Q6 Mr Viggers: The question that an unsophisticated mind might address is this: bearing in mind that there is overstretch in the Army how is this going to be improved by a significant reduction in armed forces’ strength?
General Sir Michael Walker: I think the Secretary of State gave you the answer on that. One of the problems we have had is that because we do arms plotting, we put in baulk a number of units that cannot then be used for anything else and that puts pressure even more so on those units that are having to do the business. As we reach a situation where the units have a home base, so to speak, they will be available for use all the time and, therefore, your 36 battalions become available for use so that is going to address that problem. I would refer really to the Secretary of State’s problem – and you need to put these things in context – we do not go and do operations on clean unsupported battalions who have no command and control, no sustainability and no logistics. All we do is we have a number of brigades and, by and large, our commitments are based on a battle group brigade or a divisional level of effort. We have done nothing in this latest Defence White Paper to prevent them deploying and producing the right number of boots on the ground, in fact what we have done is we have made it rather easier for them to do so. We are making sure now that the logistic sustainability of a thing called a brigade with its infantry, its engineers, its communications experts, all the ordnance and driver experts is going to be able to do that rather better. To argue this is a debate just about infantry manpower is quite wrong.
Q7 Mr Havard: You mentioned Northern Ireland and the fact that troops are able to be released in Northern Ireland effectively to increase the pool so you can relieve the pressures and so on; this sort of quasi peace dividend, as it were. Can you just clarify something: I thought there were four battalions effectively coming back from Northern Ireland, is that right?
Mr Hoon: That will be four battalions relieved from the plot that we have to do. In fact many of them have been rear based for a number of years so they have only been available for Northern Ireland, in a sense, in emergencies. By taking them off that plot then they are released for other duties which we could not do confidently at the moment because we would have to hold them in reserve in the event of there being a significant deterioration.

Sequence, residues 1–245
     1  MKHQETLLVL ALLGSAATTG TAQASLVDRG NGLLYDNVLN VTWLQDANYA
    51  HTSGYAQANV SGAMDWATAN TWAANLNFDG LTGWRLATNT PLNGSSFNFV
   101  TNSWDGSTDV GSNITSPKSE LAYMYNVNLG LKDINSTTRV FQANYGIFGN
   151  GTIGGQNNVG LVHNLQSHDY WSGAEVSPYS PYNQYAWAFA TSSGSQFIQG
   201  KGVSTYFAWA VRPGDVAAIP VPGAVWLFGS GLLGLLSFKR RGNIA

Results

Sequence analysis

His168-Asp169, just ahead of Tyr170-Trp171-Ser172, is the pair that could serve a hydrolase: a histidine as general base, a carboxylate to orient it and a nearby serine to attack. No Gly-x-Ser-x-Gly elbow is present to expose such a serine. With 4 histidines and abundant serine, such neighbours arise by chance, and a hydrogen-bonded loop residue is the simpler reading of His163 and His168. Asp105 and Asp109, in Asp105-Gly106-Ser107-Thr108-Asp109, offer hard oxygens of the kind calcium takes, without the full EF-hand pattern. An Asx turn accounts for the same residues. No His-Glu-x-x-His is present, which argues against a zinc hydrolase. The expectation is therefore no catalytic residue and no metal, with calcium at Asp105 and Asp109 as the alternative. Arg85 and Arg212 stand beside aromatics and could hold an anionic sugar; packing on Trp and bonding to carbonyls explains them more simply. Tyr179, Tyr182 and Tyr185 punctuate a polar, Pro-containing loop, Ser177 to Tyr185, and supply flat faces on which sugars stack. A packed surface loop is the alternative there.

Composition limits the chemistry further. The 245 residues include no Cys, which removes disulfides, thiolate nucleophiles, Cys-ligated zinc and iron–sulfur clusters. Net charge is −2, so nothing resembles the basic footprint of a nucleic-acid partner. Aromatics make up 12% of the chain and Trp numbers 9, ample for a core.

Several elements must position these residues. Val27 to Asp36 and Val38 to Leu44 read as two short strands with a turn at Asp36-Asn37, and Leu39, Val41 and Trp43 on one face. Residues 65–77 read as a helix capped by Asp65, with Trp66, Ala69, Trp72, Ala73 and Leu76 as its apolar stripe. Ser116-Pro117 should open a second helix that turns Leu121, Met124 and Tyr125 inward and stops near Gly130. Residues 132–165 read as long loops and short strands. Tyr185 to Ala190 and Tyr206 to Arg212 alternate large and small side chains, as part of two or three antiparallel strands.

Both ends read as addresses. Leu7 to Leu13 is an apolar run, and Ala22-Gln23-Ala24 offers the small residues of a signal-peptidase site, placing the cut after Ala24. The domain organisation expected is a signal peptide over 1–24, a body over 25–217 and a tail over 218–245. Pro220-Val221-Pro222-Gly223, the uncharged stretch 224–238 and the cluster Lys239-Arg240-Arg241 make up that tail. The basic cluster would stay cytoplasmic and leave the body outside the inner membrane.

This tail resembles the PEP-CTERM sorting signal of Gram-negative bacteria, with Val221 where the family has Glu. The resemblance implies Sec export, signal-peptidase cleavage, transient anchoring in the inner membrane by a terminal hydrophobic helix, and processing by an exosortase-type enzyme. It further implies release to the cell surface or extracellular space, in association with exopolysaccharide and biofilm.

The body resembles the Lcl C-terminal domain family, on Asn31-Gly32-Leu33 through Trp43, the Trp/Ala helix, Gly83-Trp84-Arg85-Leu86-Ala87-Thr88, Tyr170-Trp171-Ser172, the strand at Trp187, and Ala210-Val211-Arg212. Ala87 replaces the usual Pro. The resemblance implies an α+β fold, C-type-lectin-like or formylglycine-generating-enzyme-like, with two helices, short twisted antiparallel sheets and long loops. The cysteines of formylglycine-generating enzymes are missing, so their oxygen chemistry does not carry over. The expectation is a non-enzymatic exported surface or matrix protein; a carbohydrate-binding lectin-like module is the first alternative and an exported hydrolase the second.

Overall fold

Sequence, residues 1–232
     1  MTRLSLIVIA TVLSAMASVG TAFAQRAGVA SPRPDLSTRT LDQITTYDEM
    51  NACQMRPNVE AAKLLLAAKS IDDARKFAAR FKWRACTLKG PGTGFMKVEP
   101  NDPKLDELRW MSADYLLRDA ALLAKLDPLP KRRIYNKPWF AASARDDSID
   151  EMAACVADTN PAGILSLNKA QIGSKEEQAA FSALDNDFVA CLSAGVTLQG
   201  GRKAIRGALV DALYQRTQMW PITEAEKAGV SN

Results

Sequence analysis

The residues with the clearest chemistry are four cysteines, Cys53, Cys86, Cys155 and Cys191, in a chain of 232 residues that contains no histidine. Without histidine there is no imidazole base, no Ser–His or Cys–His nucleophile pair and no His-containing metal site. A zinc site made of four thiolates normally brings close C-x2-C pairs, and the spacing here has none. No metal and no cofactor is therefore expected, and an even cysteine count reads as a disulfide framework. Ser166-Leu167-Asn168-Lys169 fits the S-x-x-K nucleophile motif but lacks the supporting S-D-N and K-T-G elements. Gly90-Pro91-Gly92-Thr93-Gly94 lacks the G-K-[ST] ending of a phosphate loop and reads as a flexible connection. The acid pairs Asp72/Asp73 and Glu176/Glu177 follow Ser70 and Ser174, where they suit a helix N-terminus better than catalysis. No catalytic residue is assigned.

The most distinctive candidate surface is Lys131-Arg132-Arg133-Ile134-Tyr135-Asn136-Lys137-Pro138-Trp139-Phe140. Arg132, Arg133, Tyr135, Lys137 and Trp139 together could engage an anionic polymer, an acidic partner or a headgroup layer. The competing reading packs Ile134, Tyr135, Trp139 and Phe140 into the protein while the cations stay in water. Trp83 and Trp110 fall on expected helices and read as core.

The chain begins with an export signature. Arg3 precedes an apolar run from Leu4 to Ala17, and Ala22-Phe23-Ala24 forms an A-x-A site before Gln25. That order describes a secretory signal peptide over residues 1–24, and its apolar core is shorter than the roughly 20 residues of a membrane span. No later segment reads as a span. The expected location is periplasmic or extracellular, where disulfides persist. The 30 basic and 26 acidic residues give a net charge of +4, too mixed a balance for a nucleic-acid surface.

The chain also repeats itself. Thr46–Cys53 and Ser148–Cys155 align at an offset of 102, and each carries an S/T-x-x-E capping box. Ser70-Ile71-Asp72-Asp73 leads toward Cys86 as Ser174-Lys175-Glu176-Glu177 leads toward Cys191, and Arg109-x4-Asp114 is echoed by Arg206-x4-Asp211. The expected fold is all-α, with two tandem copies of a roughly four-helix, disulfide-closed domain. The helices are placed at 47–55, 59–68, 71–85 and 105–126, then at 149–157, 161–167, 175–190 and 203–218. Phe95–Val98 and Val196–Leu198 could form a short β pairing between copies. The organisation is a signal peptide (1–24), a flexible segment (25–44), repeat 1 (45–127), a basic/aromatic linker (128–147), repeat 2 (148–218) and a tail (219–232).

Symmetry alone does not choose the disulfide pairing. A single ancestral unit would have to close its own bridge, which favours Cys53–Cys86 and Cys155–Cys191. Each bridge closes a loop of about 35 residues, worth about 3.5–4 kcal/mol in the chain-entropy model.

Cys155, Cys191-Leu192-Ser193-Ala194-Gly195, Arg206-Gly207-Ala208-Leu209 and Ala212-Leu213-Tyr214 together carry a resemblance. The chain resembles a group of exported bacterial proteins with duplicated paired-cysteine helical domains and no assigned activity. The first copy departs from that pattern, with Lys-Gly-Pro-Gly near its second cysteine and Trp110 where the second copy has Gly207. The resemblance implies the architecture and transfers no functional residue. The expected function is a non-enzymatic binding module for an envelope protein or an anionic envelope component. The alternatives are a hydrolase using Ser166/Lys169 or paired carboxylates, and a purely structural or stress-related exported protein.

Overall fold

Q8 Mr Havard: You mentioned a figure of about 2,500, equivalence of bodies; I thought there was going to be more than that. I am told by certain people that there are about a thousand people who have got lost in the Irish Sea here. The assumption of how many full time equivalents, if I could call it that, who are going to be released by this process is about a thousand less than what people originally anticipated from your announcement about the number of people who are going to be released. Have you anything to say about that?
Mr Hoon: I think strictly my brief says up to 3,000, so I am being cautious in terms of 2,500.
Q9 Mr Havard: I have just found another 500 then.
Mr Hoon: I try and avoid “up to” figures because it is rather like those figures in the shops when it is sale time, I am always a little suspicious of the headline targets. I tried to be as accurate to the Committee as I thought was appropriate.
Sir Kevin Tebbit: To be precise, Secretary of State, there are some reductions associated with some of the reductions in heavy equipment. They do not make up big figures but they might explain some of the arithmetic you are talking about.
General Sir Michael Walker: Again, to put in context, the normalisation process in Northern Ireland eventually will have a different lay down, it will not just be the infantry of course, there are three sets of brigade, and one of them is closing now. The infrastructure which has supported our de